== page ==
Housing Market Decline Not Over Yet

By: Henry To | Thu, Apr 5, 2007
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Dear Subscribers,

I hope everyone has had a great weekend, not to mention a great April Fool's Day. On a day like April Fool's, it is important to remember the number one goal of the stock market: That is, to fool the greatest number of investors as possible and to separate as much savings as possible from these investors. The best thing one can do to avoid being fooled is to adopt a long-term view and to be able think and act independently. If you must trade, then only do it on a probabilistic basis. Try to pick good entry points and sell or cut your losses once you do not agree with your original thesis of why you made those trades in the first place.

Before we begin our commentary, let us do an update on the two most recent signals in our DJIA Timing System:

1st signal entered: 50% long position on September 7th at 11,385, giving us a gain of 969.35 points

2nd signal entered: Additional 50% long position on September 25th at 11,505 giving us a gain of 849.35 points

In last weekend's commentary, I stated "... I am still bullish on the U.S. stock market in the longer-term, and after a brief consolidation phase (and hopefully more pessimistic sentiment readings and some kind of washout in margin debt levels), I expect the U.S. stock market to be higher three to six months from now." As of Sunday night, April 1st, I still stand by this view - although, obviously, much of what will unfold over the next 3 to 6 months will depend on how the stock market does over the next few weeks. As I have mentioned before, I am still worried by the surge in margin debt over the last six months. If there is no significant washout in margin debt during March (we will find out the March statistic in mid April) - and should the market rally over the next several weeks without any further consolidation or correction, then we may be forced to adopt a more bearish view. For now, however, most of my market breadth (with the exception of the NYSE and NASDAQ McClellan Summation Indexes), volume, sentiment, liquidity, and valuation indicators suggest that the intermediate trend of the stock market remains up.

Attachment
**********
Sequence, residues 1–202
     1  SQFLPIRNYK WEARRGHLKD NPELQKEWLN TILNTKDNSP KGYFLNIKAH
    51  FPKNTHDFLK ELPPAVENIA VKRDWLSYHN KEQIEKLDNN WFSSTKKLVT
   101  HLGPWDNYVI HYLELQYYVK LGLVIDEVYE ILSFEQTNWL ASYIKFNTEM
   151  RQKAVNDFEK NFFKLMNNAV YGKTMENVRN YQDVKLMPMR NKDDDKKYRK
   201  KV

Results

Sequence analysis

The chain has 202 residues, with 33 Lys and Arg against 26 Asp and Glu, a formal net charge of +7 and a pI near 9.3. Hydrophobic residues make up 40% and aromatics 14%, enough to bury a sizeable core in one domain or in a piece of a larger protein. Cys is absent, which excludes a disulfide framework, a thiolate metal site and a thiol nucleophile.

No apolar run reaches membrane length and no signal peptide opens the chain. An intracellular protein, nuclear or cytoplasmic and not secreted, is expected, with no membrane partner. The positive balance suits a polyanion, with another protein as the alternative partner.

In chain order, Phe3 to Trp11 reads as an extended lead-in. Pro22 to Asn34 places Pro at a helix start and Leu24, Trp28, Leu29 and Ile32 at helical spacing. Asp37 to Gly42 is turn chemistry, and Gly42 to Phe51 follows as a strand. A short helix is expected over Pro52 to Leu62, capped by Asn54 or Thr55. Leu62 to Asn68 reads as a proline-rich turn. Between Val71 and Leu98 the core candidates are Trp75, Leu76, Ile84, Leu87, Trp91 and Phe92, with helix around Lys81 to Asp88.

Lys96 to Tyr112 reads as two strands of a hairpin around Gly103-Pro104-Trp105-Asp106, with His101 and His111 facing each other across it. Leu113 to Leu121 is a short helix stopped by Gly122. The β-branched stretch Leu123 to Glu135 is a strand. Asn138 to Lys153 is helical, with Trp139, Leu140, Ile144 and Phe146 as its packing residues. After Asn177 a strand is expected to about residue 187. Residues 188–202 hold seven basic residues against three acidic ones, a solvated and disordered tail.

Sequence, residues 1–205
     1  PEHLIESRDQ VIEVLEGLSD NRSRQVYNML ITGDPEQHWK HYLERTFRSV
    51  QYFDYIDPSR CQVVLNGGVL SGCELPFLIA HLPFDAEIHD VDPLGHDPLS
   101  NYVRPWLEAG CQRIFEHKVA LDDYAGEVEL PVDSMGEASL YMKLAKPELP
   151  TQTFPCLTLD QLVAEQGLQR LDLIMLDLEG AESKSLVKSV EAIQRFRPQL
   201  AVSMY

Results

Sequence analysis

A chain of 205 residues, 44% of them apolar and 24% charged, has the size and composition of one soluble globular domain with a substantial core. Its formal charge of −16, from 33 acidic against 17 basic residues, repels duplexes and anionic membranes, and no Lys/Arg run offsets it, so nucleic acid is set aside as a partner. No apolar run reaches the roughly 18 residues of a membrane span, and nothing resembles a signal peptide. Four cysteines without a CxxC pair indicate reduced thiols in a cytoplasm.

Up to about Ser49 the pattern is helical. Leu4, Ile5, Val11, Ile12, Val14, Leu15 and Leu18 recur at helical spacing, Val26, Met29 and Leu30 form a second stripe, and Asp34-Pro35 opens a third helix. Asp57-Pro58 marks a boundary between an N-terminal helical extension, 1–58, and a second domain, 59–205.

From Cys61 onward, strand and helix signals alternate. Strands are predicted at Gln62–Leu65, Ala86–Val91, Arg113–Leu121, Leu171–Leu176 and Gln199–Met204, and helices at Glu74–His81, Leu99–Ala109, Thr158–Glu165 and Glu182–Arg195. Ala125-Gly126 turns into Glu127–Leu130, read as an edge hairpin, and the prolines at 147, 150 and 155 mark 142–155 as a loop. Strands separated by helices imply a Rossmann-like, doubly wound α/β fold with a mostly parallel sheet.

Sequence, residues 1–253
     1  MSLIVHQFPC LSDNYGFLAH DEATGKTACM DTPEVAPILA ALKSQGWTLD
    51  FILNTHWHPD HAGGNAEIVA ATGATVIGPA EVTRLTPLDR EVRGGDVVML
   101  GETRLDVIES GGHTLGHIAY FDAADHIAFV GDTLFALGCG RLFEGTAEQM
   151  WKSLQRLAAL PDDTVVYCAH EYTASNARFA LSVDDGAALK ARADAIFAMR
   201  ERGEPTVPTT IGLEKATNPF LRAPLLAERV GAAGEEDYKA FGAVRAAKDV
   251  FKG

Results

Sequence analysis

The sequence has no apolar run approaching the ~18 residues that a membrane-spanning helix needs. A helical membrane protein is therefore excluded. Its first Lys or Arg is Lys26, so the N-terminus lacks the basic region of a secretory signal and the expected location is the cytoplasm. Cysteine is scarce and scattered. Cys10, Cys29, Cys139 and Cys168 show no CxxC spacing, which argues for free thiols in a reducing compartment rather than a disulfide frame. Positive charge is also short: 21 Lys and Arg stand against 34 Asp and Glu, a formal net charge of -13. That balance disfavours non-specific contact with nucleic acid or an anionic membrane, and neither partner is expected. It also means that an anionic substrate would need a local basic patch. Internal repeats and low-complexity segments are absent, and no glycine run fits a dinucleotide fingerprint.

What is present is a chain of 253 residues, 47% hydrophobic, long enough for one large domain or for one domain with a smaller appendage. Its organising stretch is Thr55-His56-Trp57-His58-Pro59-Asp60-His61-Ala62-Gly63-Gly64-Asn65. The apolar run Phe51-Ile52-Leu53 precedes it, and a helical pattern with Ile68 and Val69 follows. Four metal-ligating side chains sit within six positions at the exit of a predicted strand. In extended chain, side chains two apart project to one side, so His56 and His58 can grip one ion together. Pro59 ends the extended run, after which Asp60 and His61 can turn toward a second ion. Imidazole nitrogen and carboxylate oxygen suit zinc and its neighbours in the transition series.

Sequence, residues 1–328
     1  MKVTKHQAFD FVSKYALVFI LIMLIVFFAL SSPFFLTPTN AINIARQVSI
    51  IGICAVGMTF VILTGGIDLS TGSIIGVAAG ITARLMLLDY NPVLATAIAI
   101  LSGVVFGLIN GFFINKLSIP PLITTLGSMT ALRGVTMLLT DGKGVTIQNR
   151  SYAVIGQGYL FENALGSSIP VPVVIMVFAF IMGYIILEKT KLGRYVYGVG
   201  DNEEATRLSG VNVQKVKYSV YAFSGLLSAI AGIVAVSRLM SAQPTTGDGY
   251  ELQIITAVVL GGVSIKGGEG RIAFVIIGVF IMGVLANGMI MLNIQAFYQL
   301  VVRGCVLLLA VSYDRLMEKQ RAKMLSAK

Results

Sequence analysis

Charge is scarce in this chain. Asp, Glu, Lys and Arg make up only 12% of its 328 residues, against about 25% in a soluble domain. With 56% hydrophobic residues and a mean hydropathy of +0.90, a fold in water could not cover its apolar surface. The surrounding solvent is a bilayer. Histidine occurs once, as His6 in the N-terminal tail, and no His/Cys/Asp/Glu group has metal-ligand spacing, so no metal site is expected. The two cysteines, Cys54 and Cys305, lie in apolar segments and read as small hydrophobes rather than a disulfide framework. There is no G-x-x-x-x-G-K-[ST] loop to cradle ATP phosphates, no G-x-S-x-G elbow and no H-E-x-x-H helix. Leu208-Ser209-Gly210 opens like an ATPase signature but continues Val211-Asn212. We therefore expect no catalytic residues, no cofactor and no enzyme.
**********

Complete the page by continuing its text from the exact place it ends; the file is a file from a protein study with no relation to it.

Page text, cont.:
After our last weekend's commentary was published, one of our longer-term readers kindly pointed out that while looking at the increase of margin debt may be important, it is also good to put the current levels of margin debt into context from a historical standpoint. More specifically, this reader mentioned to us that it may be more instructive (when gauging just how vulnerable the stock market is to a substantial decline) to instead look at the size of the cash levels in both cash and margin accounts (as tabulated by the NYSE) in relation to the levels of total margin debt outstanding. I agree - and following is a monthly chart showing the Wilshire 5000 vs. cash levels vs. margin debt from January 1997 to February 2006:

Wilshire 5000 vs. Cash and Margin Debt Ratios (January 1997 to February 2006) - NYSE margin debt outstanding increased over $10 billion in February, and more than $72 billion over the last six months - reflecting the largest six-month increase in margin debt since the month ending April 2000. More importantly, cash levels as a ratio of margin debt is now at a low not seen since April 2006 - although it is definitely encouraging that cash levels as a ratio of the Wilshire 5000 still remains high.

One significant take-away from the above chart is that while the levels of cash in all accounts in relation to outstanding margin debt are still relatively high from a historical standpoint (taking into account the bull market in the late 1990s), it is by no means high when compared to the period since this cyclical bull market began in October 2002. In fact, the current ratio is now at a level not seen since April 2006 - just 10 days before the start of a brutal six-week correction in both the U.S. stock market and the major international market indices. However, it is encouraging that cash levels as a ratio of the Wilshire 5000 still remains high, suggesting that much of the speculation continues to be focused on the international and emerging markets. Again, I will not be totally comfortable with the long side until we see more of a washout in margin debt - but for now, the intermediate trend remains up.